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I have expanded this page and included Operation Alberich which already has a page because it seems to me that they go together. I'm not sure that all the narrative is necessary but put it there so that the page is comprehensive. If desirable it can be pruned and material moved to other pages. It could do with a fresh pair of eyes though.Keith-264 (talk) 10:59, 28 January 2013 (UTC)
I don't think that the article makes it sufficiently clear that the line was incomplete when the withdrawal began, with positions not fully dug and concrete not properly set due to the winter.
I can add some detail here
The discussion of the reverse slope is good, but I would add that some of the defenders did not like the layout, as they could only check what the British were up to by sending out patrols to their own wire.
I don't have a source for this
Bean, vol. IV, The AIF in France 1917, p. 267 Hawkeye7 (talk) 19:01, 29 January 2013 (UTC)
The description of British tactics is not right. Rawlinson's Fourth Army pursued the Germans with cavalry alone, allowing them to move at their own pace. Gough's Fifth Army used columns of reinforced brigades, which were capable of minor attacks thereby forcing the Germans to withdraw faster than they intended. (Not "strong patrols" as the article says. Calling them patrols makes the reader think they were platoons, not reinforced brigades.) These were called "advance guards" but were not advanced guards as described in the FSR, because the main body was not "supported by larger forces moving forward more deliberately behind them"; on the contrary, they were out on a limb.
I can alter the terms in the description to make the size of the various units explicit but the sources I have most certainly don't say that British troops went out on a limb, quite the opposite. The Div hists I have concur with the OH on this. I can add something about the Fifth Army needing to be ready for its supporting operations in Arras and the ground being easier to cross than further south. Fourth Army infantry divisions were part of the pursuit as well as cavalry but again this might be terminology - did you have in mind the British units closest to the Germans or all the units which were advancing in front of the main body?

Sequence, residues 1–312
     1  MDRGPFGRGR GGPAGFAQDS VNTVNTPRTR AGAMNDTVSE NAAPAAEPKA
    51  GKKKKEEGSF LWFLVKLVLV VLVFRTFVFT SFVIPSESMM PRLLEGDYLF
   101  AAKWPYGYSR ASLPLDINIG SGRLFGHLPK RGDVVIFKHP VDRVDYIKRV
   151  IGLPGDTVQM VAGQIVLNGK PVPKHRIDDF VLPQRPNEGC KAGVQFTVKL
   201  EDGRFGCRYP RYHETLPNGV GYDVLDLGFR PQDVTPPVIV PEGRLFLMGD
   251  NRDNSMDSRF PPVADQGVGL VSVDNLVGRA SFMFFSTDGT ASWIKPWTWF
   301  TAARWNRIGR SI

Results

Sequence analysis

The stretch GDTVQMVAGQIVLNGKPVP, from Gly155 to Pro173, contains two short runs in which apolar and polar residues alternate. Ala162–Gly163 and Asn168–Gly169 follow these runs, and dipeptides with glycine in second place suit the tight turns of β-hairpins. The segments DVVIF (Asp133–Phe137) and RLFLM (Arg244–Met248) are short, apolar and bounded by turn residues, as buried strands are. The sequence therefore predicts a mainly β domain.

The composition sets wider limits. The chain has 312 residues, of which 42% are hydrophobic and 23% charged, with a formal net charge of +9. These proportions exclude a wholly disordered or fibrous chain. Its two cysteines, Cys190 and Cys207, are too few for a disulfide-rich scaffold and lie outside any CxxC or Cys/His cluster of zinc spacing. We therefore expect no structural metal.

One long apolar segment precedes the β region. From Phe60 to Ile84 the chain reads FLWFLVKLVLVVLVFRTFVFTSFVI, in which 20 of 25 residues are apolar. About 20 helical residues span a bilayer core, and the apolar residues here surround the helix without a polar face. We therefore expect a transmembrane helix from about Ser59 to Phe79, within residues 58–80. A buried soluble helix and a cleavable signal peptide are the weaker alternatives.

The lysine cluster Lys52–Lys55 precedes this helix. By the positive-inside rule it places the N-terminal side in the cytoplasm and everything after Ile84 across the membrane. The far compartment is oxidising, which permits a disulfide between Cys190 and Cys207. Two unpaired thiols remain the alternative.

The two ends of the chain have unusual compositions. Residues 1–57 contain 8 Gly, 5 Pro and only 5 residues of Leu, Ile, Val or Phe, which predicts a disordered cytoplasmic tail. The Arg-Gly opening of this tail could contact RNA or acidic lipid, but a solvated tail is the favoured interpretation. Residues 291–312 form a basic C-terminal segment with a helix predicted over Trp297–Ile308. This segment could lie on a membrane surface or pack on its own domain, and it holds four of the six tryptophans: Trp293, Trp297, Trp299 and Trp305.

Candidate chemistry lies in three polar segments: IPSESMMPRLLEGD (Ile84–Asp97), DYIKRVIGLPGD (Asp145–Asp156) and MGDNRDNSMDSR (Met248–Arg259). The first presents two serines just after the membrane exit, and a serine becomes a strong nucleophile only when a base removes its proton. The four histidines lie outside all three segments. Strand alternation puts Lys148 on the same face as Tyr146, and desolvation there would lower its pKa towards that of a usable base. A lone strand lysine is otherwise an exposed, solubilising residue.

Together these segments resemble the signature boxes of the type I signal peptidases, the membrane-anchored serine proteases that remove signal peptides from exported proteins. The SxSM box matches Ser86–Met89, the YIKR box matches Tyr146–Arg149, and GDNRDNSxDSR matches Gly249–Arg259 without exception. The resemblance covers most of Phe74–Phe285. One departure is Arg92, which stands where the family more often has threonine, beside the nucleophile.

Bean, vol. IV, The AIF in France 1917, pp. 150-154 Hawkeye7 (talk) 19:01, 29 January 2013 (UTC)
They were, however, supported by the medium artillery. Gough considered the fact that medium artillery could displace forward as easily as the field artillery as the outstanding tactical lesson of the campaign.
Do you have a source for this?Keith-264 (talk) 18:43, 29 January 2013 (UTC)
Thanks for taking so much trouble, there's plenty of room for improvement. Pity about German sources in English though, they are even sparser than usual. Keith-264 (talk) 18:43, 29 January 2013 (UTC)
I've just been looking at Bean but haven't got to those bits yet.Keith-264 (talk) 19:41, 29 January 2013 (UTC)
Guards Div hist, p. 206 15 Mar, patrols skirmishing in St Pierre Vaast Wood, 18th, XIV Corps cavalry passed through, 19th advanced guards to advance to vicinity of Nurlu. 8th Div hist, p, 108 18 Mar, advance into southern SPV wood advanced with Wiltshire Yeomanry. Keith-264 (talk) 23:08, 29 January 2013 (UTC)
Haig Dispatches p. 73 advanced troops on west bank of the Somme Brie bridge repaired sufficient for infantry, by 19 Mar infantry held line of Somme with infantry outposts and cavalry patrols over the river. Line of cavalry outposts with infantry in support Germaine-Hancourt-Nurlu-Bus. 74 successive lines of resistance... by main bodies of infantry...cavalry and infantry outposts maintained touch and covered consolidation.... cavalry took an active part....Keith-264 (talk) 23:25, 29 January 2013 (UTC)
Just found an analysis by II Corps of the advance to the H Line which says the opposite of the Australian OH about the advanced forces being out on a limb, corresponding to the OH criticism that the advance was slow and hesitant ("bewildered and helpless") found in http://etheses.bham.ac.uk/599/ Thomas, A. M. (2010). British 8th Infantry Division on the Western Front, 1914–18. Birmingham UK: Birmingham University. OCLC 690665118. conclusions at Corps level seem a bit parochial.Keith-264 (talk) 19:54, 3 March 2013 (UTC)
I've added this from a magazine article but can't find all the bibliographical details (the magazine has no cover) if anyone can help I'd be grateful,it's Purnell's History of the First World War. Thanks.Keith-264 (talk) 07:04, 13 April 2013 (UTC)